Fraud, chaos reported in DRC poll
Kinshasa - Monitors reported widespread fraud and chaos in Democratic Republic of Congo elections as votes were counted after a campaign and polling day marred by deadly violence.
Raising concerns about the integrity of the vote, domestic and international election observers cited reports of undelivered ballot papers, ballot box stuffing and millions of voters turned away from polling stations.
"The irregularities are so widespread it will be difficult for anyone to ignore [them] and say they had no impact on the integrity of the vote," said Pascal Kambale, country director for the Open Society Initiative for Southern Africa.
Preliminary results in the presidential race, which pitted incumbent Joseph Kabila against a divided opposition field of 10 candidates, are not expected until December 06, leaving the country with a tense week of waiting after a chaotic election day on which at least 10 people died.
Kambale said millions of voters were turned away countrywide, being told they were at the wrong polling station.
"A more worrying sign of a probable rigging attempt were a number of already-filled-up ballot papers that were discovered by people across the country," he said of reports from a network of some 5 000 observers sponsored by his non-profit foundation.
Election monitoring groups were still working on their official reports, but other observers reported similar problems.
Jerome Bonso, co-ordinator of the Coalition for Transparent and Peaceful Elections, a Congolese grouping, said the vote had been blemished by "attempts at fraud and manipulation", people being turned away from polling stations and attempted ballot box stuffing.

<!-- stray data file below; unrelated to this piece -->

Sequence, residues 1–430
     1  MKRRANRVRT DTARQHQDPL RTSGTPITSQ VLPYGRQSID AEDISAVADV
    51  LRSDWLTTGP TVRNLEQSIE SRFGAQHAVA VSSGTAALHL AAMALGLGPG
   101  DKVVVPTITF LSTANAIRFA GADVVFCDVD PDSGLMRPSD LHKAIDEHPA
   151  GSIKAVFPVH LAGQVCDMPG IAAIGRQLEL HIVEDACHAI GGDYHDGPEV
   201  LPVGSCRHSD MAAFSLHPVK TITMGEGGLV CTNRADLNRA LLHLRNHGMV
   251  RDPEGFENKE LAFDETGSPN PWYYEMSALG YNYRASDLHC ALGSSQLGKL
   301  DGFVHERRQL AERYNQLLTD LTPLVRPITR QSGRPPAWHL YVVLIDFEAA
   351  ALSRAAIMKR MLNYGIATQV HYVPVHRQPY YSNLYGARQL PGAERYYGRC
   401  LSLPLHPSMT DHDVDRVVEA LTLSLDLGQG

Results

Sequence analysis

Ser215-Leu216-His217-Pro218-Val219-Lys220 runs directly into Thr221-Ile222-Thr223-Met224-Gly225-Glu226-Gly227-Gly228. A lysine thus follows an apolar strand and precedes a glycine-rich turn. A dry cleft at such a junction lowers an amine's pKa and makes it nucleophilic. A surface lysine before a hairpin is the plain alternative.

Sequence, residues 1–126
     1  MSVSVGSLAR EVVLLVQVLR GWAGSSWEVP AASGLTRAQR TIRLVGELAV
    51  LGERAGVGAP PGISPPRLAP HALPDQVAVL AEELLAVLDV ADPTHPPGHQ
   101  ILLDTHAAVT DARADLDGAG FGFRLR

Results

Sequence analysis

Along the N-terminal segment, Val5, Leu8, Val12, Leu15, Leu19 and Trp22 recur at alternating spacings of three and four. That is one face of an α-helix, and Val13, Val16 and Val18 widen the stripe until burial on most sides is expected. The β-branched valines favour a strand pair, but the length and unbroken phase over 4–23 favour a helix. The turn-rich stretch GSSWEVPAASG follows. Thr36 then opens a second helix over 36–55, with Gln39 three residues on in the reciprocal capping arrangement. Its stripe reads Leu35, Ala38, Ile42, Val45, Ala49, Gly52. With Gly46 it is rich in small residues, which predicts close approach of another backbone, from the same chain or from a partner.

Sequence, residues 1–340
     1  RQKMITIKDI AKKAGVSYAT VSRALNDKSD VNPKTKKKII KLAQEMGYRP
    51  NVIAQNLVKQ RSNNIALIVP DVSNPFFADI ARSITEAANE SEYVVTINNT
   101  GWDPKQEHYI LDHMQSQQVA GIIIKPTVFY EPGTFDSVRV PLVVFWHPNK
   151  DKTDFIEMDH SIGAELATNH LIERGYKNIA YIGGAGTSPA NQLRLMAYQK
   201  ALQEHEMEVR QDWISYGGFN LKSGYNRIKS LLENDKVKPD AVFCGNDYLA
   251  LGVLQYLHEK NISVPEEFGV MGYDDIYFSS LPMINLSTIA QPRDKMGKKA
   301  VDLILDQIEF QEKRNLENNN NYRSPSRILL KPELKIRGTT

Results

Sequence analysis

"It's an explosive atmosphere," he told AFP. "We risk having a very critical period of tensions."
A UN source reported discoveries of pre-marked ballots, and the United States expressed concern about what it described as voting "anomalies".
Ballot counting began after polling stations closed at 17:00 on Monday, and went ahead through the night - often by lantern-light in a country with a limited electric grid - continuing on Tuesday in many places.
The Independent National Electoral Commission has said voting would continue Tuesday to give all the country's 32 million registered voters a chance to cast ballots, but did not give details or say where the extension would apply.
Kabila, who has been in power since 2001, is tipped to win a new five-year term thanks largely to opposition divisions, after parliament changed the constitution in January to scrap two-round elections in favour of a single-round, first-past-the-post system.
His main rival is veteran opposition leader Etienne Tshisekedi.
The political environment remained explosive Tuesday after the previous day's bloodshed.
In the worst incident, gunmen opened fire on a polling station in the centre of south-eastern Lubumbashi in an apparent separatist attack.
They killed two policemen at point blank range and a woman hit by a stray bullet.
In a separate attack, gunmen in Lubumbashi - the country's second largest city and a flashpoint of clashes during the campaign - launched a pre-dawn raid on a convoy of jeeps carrying election materials.
Officials said seven or eight attackers were later killed by military and police.
An ex-member of a separatist movement fighting for independence of the south-eastern province, Katanga, claimed the attack for the group.
In the central town of Kananga meanwhile, a Tshisekedi stronghold, voters upset over voting delays and allegations of fraud torched a string of polling stations, stole ballots and blocked a truck from delivering election materials, a UN source said.